Male Correction Officers Should be Restricted From Some Areas of Women's Prisons, ACLU Says
DETROIT - The American Civil Liberties Union of Michigan filed a friend-of-the-court brief today arguing that an important legal settlement designed to protect women prisoners from sexual abuse and assault by male corrections officers should be upheld.
""Without the proper security measures, female inmates are often subject to sexual threats, propositions, groping, and rape by male prison officers,"" said Kary Moss, Executive Director of the ACLU of Michigan. ""The settlement reached two years ago provides women prisoners added protection from sexual intimidation and violence by the very people who are supposed to look after them.""
The ACLU's legal brief was spurred by a gender discrimination lawsuit brought by male corrections officers of the Michigan Department of Corrections. The officers argued that they are being discriminated against because they are no longer allowed to hold positions that allow them access to prison facilities where women inmates perform their most intimate activities.
In March 1996, several female inmates filed a class-action lawsuit alleging that the corrections officials had violated the civil rights of women prisoners by permitting guards to use their positions of authority to sexually assault and harass female inmates and to retaliate against those inmates who complained about such treatment. The following year, the U.S. Department of Justice filed its own action against the Michigan under the Civil Rights of Institutionalized Persons Act, alleging pervasive sexual misconduct against women prisoners.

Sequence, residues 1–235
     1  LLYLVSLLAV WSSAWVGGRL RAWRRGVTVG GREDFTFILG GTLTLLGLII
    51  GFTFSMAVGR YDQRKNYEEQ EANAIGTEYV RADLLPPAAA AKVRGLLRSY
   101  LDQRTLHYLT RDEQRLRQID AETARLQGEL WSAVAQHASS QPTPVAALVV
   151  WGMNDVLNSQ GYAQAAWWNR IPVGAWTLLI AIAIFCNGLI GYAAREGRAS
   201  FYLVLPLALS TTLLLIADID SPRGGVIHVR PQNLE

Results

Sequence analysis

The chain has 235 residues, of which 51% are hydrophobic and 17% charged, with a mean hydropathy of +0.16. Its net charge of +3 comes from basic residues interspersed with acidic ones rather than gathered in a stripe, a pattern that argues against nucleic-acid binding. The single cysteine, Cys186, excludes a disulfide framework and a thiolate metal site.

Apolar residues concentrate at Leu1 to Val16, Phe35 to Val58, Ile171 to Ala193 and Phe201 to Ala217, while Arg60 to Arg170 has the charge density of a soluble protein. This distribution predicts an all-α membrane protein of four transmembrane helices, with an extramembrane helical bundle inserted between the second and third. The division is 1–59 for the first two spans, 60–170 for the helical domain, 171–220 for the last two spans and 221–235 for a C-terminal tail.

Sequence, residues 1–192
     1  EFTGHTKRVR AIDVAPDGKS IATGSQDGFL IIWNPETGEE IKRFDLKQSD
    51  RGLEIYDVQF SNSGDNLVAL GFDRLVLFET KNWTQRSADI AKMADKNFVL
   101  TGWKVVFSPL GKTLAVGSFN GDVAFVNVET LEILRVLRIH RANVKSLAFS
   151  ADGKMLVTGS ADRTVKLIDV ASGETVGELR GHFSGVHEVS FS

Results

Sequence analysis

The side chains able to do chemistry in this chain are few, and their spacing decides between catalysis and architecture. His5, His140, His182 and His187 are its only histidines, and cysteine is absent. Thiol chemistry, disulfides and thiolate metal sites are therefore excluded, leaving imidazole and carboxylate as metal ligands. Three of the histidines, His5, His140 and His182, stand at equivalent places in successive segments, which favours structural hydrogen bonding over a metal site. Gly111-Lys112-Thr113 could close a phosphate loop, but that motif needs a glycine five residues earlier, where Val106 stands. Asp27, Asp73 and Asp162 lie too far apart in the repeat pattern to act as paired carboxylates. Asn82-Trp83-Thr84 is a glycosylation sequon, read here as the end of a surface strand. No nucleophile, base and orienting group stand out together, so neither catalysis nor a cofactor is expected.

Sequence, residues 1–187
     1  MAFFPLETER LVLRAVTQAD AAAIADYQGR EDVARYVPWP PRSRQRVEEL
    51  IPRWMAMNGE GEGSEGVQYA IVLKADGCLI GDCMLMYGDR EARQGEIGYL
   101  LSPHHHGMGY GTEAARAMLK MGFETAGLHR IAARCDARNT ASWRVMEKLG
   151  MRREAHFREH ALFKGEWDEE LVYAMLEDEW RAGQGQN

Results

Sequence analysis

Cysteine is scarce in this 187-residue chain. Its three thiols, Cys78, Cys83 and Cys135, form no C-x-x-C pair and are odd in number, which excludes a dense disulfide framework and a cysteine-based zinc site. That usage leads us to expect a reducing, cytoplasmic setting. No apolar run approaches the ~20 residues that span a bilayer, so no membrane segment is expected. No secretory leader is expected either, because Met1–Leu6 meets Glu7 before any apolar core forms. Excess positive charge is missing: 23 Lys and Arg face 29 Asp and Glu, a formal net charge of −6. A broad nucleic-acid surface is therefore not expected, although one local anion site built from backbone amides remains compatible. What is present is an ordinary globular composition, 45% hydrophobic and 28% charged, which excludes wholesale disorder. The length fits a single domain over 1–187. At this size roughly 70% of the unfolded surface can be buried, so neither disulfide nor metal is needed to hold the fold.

A settlement in both cases was reached two year later, under which corrections officials agreed to exclude male officers from female inmates' housing units where the women were more vulnerable to sexual abuse by guards.
The restrictions decided upon in the settlement applied to 250 of the 10,000 job positions held by correctional officers. Of those 250 positions, only 50 to 100 were held by men at the time.
Following the settlement, several male corrections officers filed a lawsuit arguing that the settlement violates Title VII of the Civil Rights Act of 1964 because it deprives them of employment opportunities on the basis of their gender.
The ACLU's friend of the court brief opposes the argument put forth by the corrections officers.
""Given that the Michigan Department of Corrections' own zero tolerance policies regarding sexual assault have not worked, excluding male officers from female housing is the only way to ensure that female inmates will be free from sexual abuse,"" Moss said.
The Women's Lawyers Association of Washtenaw County and American Friends Service Committee joined the ACLU in submitting the friend of the court brief.